A Columbia law prof leaked information from Comey's memo to the press
Comey was asked by Sen. Susan Collins if he shared the memos with anyone outside of the Justice Department
Fired FBI Director James Comey saw a tweet from President Donald Trump and made a decision that will have untold ramifications.
“James Comey better hope that there are no ‘tapes’ of our conversations before he starts leaking to the press!” Trump tweeted on the morning of May 12.
It was that tweet, Comey told the Senate intelligence committee Thursday, that spurred him to leak contents of his memos documenting interactions with the President to the press.
“The President tweeted on Friday, after I got fired, that I better hope there’s not tapes,” Comey said. “I woke up in the middle of the night on Monday night, because it didn’t dawn on me originally, that there might be corroboration for our conversation, there might be a tape.”
Comey, who wrote memos after his meetings with Trump, had shared the documents with fellow FBI officials. Asked during the Senate hearing if he shared the memos elsewhere, Comey explained he asked a “good friend” who is a “professor at Columbia law school” to be an intermediary with the press.
“My judgment was I needed to get that out into the public square. So I asked a friend of mine to share the content of the memo with a reporter,” Comey said.
“I didn’t do it myself for a variety of reasons, but I asked him to because I thought that might prompt the appointment of a special counsel, so I asked a close friend of mine to do it,” he said.
Daniel C. Richman, a close Comey adviser and former federal prosecutor, confirmed to CNN in an email that he was the friend Comey was referencing in his testimony.
During the hearing, Comey was asked specifically if the “friend” he referred to was journalist Benjamin Wittes, who is also a senior fellow at the Brookings Institute.
Wittes was contributing to a live blog when Comey told lawmakers that Wittes was not used as a go-between to share the information with the media and commented on Richman’s role in the process.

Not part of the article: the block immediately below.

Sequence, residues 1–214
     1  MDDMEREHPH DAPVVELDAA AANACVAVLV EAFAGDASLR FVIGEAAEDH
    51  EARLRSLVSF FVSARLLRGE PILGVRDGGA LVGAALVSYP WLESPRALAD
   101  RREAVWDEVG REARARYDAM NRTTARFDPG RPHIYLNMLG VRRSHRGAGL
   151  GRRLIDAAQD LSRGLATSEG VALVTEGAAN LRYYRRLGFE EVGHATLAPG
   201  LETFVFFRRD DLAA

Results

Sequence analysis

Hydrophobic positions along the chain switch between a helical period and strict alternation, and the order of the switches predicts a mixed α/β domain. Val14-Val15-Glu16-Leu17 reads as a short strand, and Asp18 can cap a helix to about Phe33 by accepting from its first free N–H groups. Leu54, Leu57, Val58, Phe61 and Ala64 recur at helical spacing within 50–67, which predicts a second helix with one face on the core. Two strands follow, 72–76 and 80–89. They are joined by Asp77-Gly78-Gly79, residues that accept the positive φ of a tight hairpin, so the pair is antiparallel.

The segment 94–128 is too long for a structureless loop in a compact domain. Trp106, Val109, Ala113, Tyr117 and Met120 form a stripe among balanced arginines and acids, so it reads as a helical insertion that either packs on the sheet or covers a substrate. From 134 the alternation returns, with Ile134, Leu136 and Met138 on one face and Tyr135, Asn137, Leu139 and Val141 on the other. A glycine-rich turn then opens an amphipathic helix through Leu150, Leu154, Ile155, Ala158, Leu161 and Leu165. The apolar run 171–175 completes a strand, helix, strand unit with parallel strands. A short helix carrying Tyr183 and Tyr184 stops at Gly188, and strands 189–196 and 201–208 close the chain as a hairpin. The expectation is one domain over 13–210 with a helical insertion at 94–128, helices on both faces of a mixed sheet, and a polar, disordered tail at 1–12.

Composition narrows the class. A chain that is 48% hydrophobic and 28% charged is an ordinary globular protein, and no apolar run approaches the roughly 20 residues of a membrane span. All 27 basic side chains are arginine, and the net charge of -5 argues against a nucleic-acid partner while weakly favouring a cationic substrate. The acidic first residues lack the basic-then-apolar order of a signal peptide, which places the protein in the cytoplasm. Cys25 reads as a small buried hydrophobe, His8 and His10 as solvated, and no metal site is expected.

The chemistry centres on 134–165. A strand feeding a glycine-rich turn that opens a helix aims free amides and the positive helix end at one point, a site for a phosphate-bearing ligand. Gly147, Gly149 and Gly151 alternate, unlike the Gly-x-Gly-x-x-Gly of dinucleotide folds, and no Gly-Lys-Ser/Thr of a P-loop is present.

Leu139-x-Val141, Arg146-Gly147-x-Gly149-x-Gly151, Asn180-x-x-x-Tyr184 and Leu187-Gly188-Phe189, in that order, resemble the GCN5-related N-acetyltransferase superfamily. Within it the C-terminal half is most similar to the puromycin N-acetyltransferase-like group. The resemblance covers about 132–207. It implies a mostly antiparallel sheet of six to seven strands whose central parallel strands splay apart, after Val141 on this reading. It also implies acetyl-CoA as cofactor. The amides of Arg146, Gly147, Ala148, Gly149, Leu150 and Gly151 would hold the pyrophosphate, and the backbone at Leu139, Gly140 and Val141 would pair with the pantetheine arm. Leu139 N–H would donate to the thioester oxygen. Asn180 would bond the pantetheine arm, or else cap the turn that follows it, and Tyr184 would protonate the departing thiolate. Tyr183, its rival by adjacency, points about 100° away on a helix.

“Dan is an exceptionally fine person. He and Jim have been close friends for many years. There is nothing illegal, improper or dishonorable about what he did in this instance,” Wittes said in a post on the LawFare blog once news that Richman had confirmed he was the individual referenced by Comey.
“He and Comey are now acknowledging his hand in the story in question and the role he played. So it’s not even an anonymous leak in any sense that a normal person would understand the term,” he added.
Trump lawyer slams leak
Trump’s outside counsel, Marc Kasowitz, slammed Comey over the leak.
“Today, Mr. Comey admitted that he leaked to friends his purported memos of these privileged conversations, one of which he testified was classified,” Kasowitz said at a news conference. “He also testified that immediately after he was terminated, he authorized his friends to leak the contents of these memos to the press in order to ‘prompt the appointment of a special counsel.’”
He added, “We will leave it the appropriate authorities to determine whether these leaks should be investigated along with all those others being investigated.”
Kasowitz did not take any questions.
The reporter who wrote the first “Comey memo” story, Michael Schmidt of The New York Times, told CNN’s Brian Stelter, “I’m going to decline to comment” on any interactions with Richman.
Schmidt’s story was attributed to “two people who read the memo.”
Despite being unusual, Comey’s revelation that he asked Richman to share the content of the memos with the media in order to prompt the appointment of special counsel is unlikely to pose a legal issue, according to CNN legal analyst and University of Texas law professor Stephen Vladeck.
“It’s not generally illegal for former government employees – or their friends – to disclose internal government memos without appropriate authorization,” Vladeck said. “There is no legal blowback here.”
“There are exceptions, including cases in which the memos involve ‘information relating to the national defense,’ which might trigger the Espionage Act, or in which the disclosure of the memos deprives the government of a ‘thing of value,’ which might trigger the federal conversion-of-property statute,” he noted.
“And it may well be a violation of a government employee’s contract or non-disclosure agreement to release such memos. But the sanctions there are administrative – and couldn’t run to a former government employee or, in Richman’s case, a non-government employee,” Vladeck said.